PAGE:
10 interesting things to see at the Discovery Centre at Queensland Museum 

With every visit to the Discovery Centre, we promise you’ll walk away having learnt something new.   

There’s over 1300 objects and specimens to explore at your fingertips in this interactive space, so it was quite the challenge to narrow down this list!   

Here’s ten interesting things you can see on display at the Discovery Centre:  

  1. Grindstone  

Why’s it special? It’s one of the oldest forms of evidence of continuous human occupation of Australia. The larger stone is called a Millstone and forms the lower platform for the smaller stone, called a Muller, to work against. Grindstones can be used for grinding seeds into flour for bread making, cracking bones for the extraction of marrow and for cracking nuts. They were also used for grinding up pigments, such as ochres.  

  1. Megalodon Tooth 

Did you know the word Megalodon means “large tooth”? Mega-toothed sharks were some of the top ocean predators during the Neogene and Paleogene Periods about 2.58-66 million years ago. The last and largest of them was Otodus megalodon, which is estimated to have been 14.2 to 15.3 meters in length.  

Found on the banks of the Tweed River in Queensland, this object is very popular with our curious little learners.  

  1. Dugong Skull  

This bizarre skull has been baffling visitors to the Discovery Centre for years! Its combination of a down-turned snout, tusks, and nostrils positioned atop the skull are unlike any other animal found in Australia.  

Read more about Dugongs here.  

  1. Opalised Bivalve Fossil   

Opalised fossils are only found in Australia. This opalised bivalve fossil is not just a beautiful gem, but is a remnant of a lost ocean that flooded much of central Australia over 100 million years ago. Opal miners have found numerous opalised fossil creatures from this time, including giant marine reptiles and even the occasional dinosaur! 

  1. Purple Flying Gurnard  

Despite its name, this fish does not fly. Why such huge fins? Are they for display?   

  1. Giant Burrowing Cockroach  

The Giant Burrowing Cockroach, Macropanesthia rhinoceros is the world’s heaviest cockroach! They can weigh up to 35 grams and reaches 8 centimetres in length. They are native to Australian and occur in open forests in northern Queensland. Females gives birth to live young (not eggs) and will remain with their mothers for some months. They can live up to 10 years which is very impressive!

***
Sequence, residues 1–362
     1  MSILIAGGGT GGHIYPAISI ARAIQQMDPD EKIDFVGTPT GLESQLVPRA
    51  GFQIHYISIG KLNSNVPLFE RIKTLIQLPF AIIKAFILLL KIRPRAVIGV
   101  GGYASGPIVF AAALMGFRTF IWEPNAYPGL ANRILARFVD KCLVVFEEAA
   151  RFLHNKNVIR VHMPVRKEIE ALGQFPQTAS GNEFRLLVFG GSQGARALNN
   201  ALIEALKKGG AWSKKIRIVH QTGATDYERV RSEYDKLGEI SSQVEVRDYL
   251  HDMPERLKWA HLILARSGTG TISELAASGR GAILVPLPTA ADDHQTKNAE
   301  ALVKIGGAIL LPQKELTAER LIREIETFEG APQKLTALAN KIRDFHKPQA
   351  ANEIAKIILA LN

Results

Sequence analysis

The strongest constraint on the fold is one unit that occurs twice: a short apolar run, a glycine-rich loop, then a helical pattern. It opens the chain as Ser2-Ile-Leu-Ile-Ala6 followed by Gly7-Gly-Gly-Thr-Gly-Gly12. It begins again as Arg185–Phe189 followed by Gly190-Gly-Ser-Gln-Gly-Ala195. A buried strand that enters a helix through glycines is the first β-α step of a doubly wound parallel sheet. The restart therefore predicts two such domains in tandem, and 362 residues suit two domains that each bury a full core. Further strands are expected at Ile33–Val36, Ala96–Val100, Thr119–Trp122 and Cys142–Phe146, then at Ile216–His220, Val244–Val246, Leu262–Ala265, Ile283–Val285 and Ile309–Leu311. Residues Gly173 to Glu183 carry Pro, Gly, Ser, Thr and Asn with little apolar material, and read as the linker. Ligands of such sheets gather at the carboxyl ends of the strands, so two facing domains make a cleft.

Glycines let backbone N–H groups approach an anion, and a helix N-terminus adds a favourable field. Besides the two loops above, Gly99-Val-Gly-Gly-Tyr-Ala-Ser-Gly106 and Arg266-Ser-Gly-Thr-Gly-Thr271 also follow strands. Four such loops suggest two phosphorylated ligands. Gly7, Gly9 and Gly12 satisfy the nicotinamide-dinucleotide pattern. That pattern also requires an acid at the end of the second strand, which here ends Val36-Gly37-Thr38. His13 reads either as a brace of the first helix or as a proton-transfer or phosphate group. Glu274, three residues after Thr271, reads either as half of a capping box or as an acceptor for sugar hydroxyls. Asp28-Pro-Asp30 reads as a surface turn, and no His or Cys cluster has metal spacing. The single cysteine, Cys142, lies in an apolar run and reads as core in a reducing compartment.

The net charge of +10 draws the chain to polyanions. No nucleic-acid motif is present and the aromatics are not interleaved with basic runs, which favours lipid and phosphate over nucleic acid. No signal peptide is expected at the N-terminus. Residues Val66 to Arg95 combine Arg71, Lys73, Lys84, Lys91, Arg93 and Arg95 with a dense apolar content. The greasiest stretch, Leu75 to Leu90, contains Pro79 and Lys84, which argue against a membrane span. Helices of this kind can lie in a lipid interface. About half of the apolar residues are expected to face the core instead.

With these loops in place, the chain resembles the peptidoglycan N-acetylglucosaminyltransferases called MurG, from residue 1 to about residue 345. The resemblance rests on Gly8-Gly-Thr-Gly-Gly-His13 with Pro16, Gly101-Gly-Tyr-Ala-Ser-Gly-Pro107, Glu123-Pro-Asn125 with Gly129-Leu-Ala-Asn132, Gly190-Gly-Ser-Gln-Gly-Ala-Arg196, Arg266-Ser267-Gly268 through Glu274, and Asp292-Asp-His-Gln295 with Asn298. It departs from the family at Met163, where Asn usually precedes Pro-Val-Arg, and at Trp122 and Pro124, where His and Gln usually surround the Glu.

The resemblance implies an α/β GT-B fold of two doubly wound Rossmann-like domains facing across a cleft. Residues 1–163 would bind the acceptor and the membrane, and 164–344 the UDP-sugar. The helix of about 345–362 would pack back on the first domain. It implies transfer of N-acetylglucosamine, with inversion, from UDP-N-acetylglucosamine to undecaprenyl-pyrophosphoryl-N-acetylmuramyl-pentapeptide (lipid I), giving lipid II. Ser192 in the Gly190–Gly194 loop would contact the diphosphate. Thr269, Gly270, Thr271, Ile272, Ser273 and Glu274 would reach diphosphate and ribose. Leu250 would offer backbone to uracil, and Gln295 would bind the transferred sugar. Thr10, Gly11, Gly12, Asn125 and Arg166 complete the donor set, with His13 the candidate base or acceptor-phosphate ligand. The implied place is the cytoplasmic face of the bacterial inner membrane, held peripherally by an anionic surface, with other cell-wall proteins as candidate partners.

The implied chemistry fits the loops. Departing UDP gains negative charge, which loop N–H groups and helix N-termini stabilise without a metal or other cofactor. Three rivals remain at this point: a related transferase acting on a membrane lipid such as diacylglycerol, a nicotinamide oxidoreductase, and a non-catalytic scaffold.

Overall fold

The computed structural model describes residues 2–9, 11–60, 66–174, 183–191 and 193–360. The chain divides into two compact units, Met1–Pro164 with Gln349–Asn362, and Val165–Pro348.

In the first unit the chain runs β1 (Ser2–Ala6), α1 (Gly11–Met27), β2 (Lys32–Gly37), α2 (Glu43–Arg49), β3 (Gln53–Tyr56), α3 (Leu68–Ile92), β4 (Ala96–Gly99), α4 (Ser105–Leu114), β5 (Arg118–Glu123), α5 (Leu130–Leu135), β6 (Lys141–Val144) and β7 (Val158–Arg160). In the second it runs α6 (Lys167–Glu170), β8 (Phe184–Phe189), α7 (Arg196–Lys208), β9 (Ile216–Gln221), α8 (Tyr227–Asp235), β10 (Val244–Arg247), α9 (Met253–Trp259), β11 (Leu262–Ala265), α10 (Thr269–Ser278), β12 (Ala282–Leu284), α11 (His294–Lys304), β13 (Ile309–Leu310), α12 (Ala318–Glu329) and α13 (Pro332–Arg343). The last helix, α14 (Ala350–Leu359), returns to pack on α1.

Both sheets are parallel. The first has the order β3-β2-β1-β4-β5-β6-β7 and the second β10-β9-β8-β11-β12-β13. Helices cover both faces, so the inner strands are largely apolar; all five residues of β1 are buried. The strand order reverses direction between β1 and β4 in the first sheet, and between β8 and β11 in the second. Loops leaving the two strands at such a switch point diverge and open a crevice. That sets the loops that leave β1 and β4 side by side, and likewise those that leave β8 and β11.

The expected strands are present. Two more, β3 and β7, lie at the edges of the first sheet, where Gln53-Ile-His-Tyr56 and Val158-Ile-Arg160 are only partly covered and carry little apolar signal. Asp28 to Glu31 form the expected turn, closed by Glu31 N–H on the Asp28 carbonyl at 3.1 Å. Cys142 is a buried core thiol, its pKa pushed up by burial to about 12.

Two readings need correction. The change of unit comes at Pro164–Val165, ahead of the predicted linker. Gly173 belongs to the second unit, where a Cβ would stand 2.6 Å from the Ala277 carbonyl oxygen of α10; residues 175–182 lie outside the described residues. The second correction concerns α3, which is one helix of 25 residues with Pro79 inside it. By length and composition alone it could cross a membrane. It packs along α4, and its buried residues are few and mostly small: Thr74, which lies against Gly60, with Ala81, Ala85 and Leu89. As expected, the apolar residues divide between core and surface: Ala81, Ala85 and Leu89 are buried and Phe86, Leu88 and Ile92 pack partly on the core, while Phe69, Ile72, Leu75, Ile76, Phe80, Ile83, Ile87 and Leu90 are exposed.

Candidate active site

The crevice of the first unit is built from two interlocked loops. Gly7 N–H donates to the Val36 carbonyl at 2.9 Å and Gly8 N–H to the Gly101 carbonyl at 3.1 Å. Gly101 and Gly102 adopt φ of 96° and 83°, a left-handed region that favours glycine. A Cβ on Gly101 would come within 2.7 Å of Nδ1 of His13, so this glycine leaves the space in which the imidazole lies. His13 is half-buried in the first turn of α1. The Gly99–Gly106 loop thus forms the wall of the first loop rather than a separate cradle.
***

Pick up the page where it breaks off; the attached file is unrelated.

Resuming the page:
1. Venus Flower Basket  

You might have heard of sea sponges, but what about glass sponges? The Venus Flower Basket, Euplectella aspergillum is an intricate woven-looking animal that lives in the depths of the ocean. Often a pair of shrimp are trapped inside the sponge for their whole lives. 

  1. Gordian Worm 

Most parasitic animals are happy to feed on their host, but only parasitoids seek to actively kill their host. Gordian worms are parasitoids of insects such as grasshoppers and mantids. Remarkably, they appear to be able to control the final actions of their hosts, causing them to go to water before bursting from the empty husk of the insect’s body in gruesome fashion. 

  1. Giant Fishkiller Bug   

This impressively large insect is a type of hemipteran or ‘true bug’. All hemipterans feed on fluids using a straw-like proboscis. The majority of species feed on plant sap, but some are specialised predators. The Giant Fishkiller Bug (Lethocerus insulanus) is one of these, and as the name suggests, is capable of killing and eating small fishes. 

  1. Mystery of the Month display 

We’ll keep this one a surprise for you to discover. Each month there’s a new mysterious display on the Discovery Centre counter.  

Found a mysterious object of your own? Our knowledge museum experts are on hand to answer your questions and identify objects. If you can’t make it in person, submit your questions online. 

Read more mystery object blogs.  

Visit the Discovery Centre on Level 4 of Queensland Museum  

Fancy going on a treasure hunt? Visit the Discovery Centre today and see if you can find all of the interesting and unique objects and specimens listed in this blog.  

Share your visit with us on social media by tagging #DiscoveryQM #myqldmuseum and let us know what you discovered.   

Free entry. Queensland Museum is open daily from 9:30am – 4pm.